By Tom Angell on January 20, 2015
[Originally published here: http://www.marijuana.com/news/2015/01/d-c-police-chief-says-decrim-makes-cops-jobs-easier/]
In her new remarks on Tuesday, Lanier tried to play down decriminalization’s impact even as she portrayed it as a positive change. “Marijuana possession has never been a big arrest category,” she said. “The average officer for the past 20 years has avoided the possession of marijuana arrest because they’ve not been prosecuted for many, many years. I mean, they’re kind of de facto not prosecuted, so it was a waste of time for the officer to make a possession of marijuana arrest, even back when I was an officer.”
But the numbers tell a different story.
The ACLU report, using MPD’s own data, found that there were 5,393 marijuana arrests in 2010, an average of 15 pot busts a day. That means D.C. had a higher marijuana arrest rate that year — 846 arrests per 100,000 people — than any state in the nation. The report also estimated that D.C. spent between $9 million and $43 million on marijuana possession enforcement in 2010, more per capita than any state
As announced in the Washington Post, Attorney General Holder barred local and state police from using federal law to seize cash, cars and other property without evidence that a crime occurred. The Attorney General’s action represents the most sweeping check on police power to confiscate personal property since the seizures began three decades ago as part of the war on drugs. The ACLU-NCA applauds this tremendous development.
DC employers are now prohibited from asking about criminal backgrounds during the application and interview processDecember 19, 2014
The Fair Criminal Record Screening Amendment Act, now in effect, prohibits employers from asking about criminal backgrounds during the application and interview process.
The ACLU of the Nation’s Capital (ACLU-NCA) strongly urges the D.C. Council to oppose the Corizon Correctional Healthcare contract (“Corizon”). The D.C. Office of Contracting Procurement awarded Corizon the new 5-year contract for health care at the D.C. Department of Corrections. The ACLU-NCA has serious reservations about this contract award because of Corizon's long history of providing substandard care to prisoners across the country.
The American Civil Liberties Union of the Nation’s Capital (“ACLU-NCA”) announced today that the Congressional appropriations rider does not block enactment of Initiative 71 because it was already enacted according to District law. ACLU-NCA contends that personal possession of marijuana and home cultivation as outlined by Initiative 71 will no longer be criminal at the conclusion of the 60-day Congressional review period.
The ACLU will march against police abuse and racial profiling in DC on December 13, 2014. Join us!
We have less than 6 days to stop the DC Council from approving a contract to Corizon - one of the worst prison profiteers!December 10, 2014
DC Office of Contracting Procurement has awarded Corizon the new 5-year contract for health care at our local jails. Corizon is a for-profit company that exclusively operates within correctional facilities. For-profit correctional healthcare is generally worrisome because concerns about profit margins incentivize cheaper, lower quality provision of care.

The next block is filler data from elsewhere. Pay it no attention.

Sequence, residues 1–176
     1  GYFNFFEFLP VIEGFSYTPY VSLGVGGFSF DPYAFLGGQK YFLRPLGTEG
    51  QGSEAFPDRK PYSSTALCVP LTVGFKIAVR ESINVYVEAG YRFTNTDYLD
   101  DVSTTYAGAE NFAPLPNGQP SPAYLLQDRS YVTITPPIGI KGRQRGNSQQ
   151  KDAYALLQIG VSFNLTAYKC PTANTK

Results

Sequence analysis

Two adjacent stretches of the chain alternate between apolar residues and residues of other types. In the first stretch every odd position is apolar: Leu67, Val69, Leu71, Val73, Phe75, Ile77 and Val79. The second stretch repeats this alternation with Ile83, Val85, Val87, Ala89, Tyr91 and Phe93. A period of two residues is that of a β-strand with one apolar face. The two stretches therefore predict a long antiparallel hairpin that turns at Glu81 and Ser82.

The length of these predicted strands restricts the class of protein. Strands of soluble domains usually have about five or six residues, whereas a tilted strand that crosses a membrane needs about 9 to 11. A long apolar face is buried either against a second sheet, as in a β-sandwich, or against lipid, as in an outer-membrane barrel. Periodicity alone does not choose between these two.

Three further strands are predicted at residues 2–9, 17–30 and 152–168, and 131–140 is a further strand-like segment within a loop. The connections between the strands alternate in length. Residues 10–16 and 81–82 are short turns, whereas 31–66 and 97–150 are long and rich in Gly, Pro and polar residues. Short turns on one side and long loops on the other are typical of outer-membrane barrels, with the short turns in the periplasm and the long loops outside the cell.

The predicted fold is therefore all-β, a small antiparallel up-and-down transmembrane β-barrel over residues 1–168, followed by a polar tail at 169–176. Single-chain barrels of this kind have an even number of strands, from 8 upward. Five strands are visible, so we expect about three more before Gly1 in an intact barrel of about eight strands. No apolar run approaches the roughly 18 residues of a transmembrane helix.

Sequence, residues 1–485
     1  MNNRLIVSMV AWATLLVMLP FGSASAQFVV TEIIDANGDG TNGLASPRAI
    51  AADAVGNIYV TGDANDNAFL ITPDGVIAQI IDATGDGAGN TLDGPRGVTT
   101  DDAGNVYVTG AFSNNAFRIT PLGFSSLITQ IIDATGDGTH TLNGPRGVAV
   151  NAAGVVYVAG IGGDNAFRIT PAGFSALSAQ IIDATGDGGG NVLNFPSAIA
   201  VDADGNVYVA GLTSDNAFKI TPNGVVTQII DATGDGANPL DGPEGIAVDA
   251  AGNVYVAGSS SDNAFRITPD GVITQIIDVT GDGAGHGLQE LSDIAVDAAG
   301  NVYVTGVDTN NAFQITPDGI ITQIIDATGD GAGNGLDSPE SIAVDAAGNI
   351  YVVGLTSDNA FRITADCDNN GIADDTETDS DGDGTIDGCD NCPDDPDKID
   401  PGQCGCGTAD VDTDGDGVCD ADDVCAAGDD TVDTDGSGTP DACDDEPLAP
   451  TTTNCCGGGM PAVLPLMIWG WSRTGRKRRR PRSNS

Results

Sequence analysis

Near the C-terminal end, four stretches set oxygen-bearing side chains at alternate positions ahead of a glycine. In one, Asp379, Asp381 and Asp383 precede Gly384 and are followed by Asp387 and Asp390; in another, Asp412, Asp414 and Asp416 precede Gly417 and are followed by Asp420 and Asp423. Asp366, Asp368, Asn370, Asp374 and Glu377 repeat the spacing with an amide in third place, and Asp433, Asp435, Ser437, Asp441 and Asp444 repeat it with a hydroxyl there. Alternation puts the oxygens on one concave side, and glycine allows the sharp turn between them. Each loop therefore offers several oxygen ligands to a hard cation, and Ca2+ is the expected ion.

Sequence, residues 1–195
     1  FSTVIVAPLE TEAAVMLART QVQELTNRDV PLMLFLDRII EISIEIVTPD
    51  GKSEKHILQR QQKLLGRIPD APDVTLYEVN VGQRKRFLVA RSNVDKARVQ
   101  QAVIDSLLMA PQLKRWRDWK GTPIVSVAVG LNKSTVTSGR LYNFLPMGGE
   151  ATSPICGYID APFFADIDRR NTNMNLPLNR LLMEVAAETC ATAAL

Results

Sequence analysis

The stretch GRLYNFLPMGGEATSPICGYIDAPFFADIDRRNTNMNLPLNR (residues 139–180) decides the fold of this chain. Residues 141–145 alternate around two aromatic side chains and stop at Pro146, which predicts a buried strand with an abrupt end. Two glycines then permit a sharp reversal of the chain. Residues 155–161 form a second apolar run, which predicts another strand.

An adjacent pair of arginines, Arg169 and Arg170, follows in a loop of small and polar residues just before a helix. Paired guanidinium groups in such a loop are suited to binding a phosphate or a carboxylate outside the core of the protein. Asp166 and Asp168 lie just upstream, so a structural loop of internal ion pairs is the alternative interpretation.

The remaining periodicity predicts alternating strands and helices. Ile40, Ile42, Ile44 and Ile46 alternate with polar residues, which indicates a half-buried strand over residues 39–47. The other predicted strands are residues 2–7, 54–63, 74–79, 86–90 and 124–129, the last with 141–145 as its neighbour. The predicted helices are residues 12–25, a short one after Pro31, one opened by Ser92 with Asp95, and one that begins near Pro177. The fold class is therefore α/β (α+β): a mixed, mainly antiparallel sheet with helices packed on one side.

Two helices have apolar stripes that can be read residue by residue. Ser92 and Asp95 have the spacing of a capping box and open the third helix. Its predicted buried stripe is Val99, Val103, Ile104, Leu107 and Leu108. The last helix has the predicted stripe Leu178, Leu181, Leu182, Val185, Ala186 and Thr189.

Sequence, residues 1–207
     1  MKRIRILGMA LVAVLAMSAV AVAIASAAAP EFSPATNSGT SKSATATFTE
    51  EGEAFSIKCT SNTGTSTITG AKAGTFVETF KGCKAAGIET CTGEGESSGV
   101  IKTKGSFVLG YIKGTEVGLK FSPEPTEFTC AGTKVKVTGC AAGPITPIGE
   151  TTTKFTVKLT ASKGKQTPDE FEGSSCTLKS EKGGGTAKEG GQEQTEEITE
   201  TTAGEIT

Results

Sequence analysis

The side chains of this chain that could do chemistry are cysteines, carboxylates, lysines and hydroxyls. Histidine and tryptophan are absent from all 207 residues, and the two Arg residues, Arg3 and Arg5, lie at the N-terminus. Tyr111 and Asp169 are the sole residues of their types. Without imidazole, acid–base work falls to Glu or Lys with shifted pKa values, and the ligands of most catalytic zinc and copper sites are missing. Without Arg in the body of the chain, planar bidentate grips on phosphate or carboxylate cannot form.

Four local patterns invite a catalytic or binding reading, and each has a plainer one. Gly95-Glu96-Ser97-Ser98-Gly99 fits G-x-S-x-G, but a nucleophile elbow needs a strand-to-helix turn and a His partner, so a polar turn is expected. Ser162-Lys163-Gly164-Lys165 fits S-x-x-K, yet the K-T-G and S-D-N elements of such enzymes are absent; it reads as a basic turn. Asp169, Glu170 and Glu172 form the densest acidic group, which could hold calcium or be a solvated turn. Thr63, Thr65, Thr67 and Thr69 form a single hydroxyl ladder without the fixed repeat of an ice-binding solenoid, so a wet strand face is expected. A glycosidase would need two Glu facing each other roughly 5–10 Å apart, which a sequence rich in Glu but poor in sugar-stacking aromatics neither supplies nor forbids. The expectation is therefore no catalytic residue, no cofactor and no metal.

The ACLU of the Nation’s Capital understands the profound anger and frustration over the decision of the St. Louis County grand jury not to issue an indictment against Officer Wilson in the tragic killing of Michael Brown. In the wake of the grand jury announcement, policing of local protest activities should not be unnecessarily and aggressively executed and should respect the rights of protesters to peacefully assemble and organize.
The ACLU of the Nation's Capital joins thousands of DC residents in mourning the passing of Marion Barry -- the first National Chairman of the Student Nonviolent Coordinating Committee, a civil rights activist dedicated to racial justice, and a DC Councilmember and former DC Mayor. We extend our deepest condolences to his family during this time.
The ACLU of the Nation's Capital on Monday wrote to the Council to express one final concern about a bill that would significantly improve the District's civil asset forfeiture law: the date of implementation for one provision. Civil asset forfeiture is the process by which law enforcement agents seize millions of dollars from civilians, simply by asserting that they believe the money is connected to some illegal activity and without ever pursuing criminal charges. The ACLU-NCA strongly supports the implementation of these important and long overdue reforms. However, as currently drafted, the provision that would redirect funds seized pursuant to a federal law from going directly to the MPD and instead into the city's General Fund would not go into effect until 2018. "We think a four-year delay in implementing this important reform is unconscionable," wrote Arthur Spitzer, Legal Director for the ACLU of the Nation's Capital.
The Washington Post has dramatically illustrated the consequences of civil asset forfeiture in its ongoing "Stop and seize" investigative series. In the latest installment, the Post reported that the Metropolitan Police Department has budgeted for about $2.7 million in income from forfeitures through 2018, "even though federal guidelines say 'agencies may not commit' to such spending in advance."